By Christopher Elliott Travel columnist
msnbc.com contributor
updated 9/14/2010 9:34:18 AM ET 2010-09-14T13:34:18

Sarah Andrus was flying from Philadelphia to Phoenix on US Airways when she accidentally left her jacket underneath the seat in front of her. "The jacket was a gift from a friend and unique," recalled Andrus, a director for an Olean, N.Y.-based manufacturing company. "I called the airline with low expectations of recovering my jacket, but I thought I'd give it a try."

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She was lucky enough to get through to a US Airways employee named Tanya, who understood Andrus’ predicament. “I followed her instructions to the letter, and heard back from someone within two hours. They had found my jacket and would keep it until my return flight,” Andrus said.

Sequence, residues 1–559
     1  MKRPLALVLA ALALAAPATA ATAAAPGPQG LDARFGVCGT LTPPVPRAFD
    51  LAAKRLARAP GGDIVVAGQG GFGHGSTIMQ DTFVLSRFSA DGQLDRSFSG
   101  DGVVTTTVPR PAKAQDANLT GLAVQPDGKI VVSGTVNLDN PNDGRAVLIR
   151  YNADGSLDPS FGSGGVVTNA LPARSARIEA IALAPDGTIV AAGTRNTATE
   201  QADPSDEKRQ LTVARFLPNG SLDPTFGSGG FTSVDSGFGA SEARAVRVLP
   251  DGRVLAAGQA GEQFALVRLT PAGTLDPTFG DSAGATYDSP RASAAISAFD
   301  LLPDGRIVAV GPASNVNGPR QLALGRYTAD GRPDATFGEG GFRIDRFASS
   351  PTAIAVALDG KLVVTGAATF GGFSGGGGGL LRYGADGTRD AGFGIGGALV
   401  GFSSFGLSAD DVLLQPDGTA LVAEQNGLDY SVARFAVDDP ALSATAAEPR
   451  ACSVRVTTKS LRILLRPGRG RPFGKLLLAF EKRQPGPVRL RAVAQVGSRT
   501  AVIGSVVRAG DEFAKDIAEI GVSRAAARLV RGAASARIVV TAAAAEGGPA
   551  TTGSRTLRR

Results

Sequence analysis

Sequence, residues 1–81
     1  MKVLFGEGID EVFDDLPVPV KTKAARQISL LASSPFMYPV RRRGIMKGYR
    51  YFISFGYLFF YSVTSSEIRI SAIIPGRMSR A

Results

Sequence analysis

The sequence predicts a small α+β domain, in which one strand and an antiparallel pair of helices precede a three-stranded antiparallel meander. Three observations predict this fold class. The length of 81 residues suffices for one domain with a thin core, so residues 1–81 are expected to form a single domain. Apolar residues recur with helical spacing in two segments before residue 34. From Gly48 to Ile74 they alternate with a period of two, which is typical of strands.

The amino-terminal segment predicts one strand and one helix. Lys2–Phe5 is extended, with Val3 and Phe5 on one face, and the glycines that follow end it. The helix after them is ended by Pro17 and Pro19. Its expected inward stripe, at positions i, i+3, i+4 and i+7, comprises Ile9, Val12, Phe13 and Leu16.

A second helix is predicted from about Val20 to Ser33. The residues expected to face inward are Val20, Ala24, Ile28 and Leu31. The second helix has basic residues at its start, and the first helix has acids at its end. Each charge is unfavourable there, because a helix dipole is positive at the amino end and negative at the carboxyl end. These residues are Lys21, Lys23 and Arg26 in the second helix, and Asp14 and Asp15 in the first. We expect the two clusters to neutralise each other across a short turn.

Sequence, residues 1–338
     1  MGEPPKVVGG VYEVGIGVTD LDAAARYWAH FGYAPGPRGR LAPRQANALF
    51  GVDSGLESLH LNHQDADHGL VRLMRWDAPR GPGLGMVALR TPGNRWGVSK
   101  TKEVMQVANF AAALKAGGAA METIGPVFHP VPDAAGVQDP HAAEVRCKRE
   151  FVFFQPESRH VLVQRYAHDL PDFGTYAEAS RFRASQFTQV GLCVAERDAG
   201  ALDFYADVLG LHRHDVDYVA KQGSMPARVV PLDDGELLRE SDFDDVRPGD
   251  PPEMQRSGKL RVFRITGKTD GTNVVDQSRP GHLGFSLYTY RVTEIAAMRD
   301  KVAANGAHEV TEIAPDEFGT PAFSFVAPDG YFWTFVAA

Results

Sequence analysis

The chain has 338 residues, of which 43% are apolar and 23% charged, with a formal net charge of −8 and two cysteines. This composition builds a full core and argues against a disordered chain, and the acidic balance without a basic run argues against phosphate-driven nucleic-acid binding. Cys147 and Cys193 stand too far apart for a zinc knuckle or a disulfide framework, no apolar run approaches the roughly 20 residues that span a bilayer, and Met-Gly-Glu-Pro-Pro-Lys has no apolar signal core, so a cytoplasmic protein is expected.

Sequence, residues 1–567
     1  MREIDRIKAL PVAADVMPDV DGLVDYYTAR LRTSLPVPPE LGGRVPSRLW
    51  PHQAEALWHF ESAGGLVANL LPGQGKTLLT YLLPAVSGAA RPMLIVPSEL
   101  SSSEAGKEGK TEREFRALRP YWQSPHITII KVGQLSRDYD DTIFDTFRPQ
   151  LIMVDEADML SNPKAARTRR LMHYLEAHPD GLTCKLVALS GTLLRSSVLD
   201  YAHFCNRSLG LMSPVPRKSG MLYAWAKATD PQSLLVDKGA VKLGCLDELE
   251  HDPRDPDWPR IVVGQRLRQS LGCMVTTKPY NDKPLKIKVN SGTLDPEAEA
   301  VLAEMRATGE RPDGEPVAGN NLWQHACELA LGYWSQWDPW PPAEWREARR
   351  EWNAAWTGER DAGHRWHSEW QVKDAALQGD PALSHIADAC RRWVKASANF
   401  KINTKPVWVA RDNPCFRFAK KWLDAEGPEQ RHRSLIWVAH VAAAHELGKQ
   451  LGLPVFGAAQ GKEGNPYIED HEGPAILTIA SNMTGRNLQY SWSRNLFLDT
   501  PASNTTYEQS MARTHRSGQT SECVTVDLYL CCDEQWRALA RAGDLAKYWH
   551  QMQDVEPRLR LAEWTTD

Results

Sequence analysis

Frequent travelers can be forgiven for thinking the travel industry doesn't care about them, but simply wants their money. There is no shortage of stories blasting companies for higher prices, hidden fees and declining service.

But there are occasional bright spots, too.

"I think there are still flight attendants who try to go the extra mile," said Anne Sweeney, a former Pan Am Flight attendant. "Ever since the Steven Slater incident, people are more aware of it."

Point is, compassion isn’t dead in the travel industry. Whether it’s the airline employee who wants to do the right thing but isn’t allowed to, or the traveler who doesn’t expect it but gets it, anyway, people have a heart.

You just have to know where to look.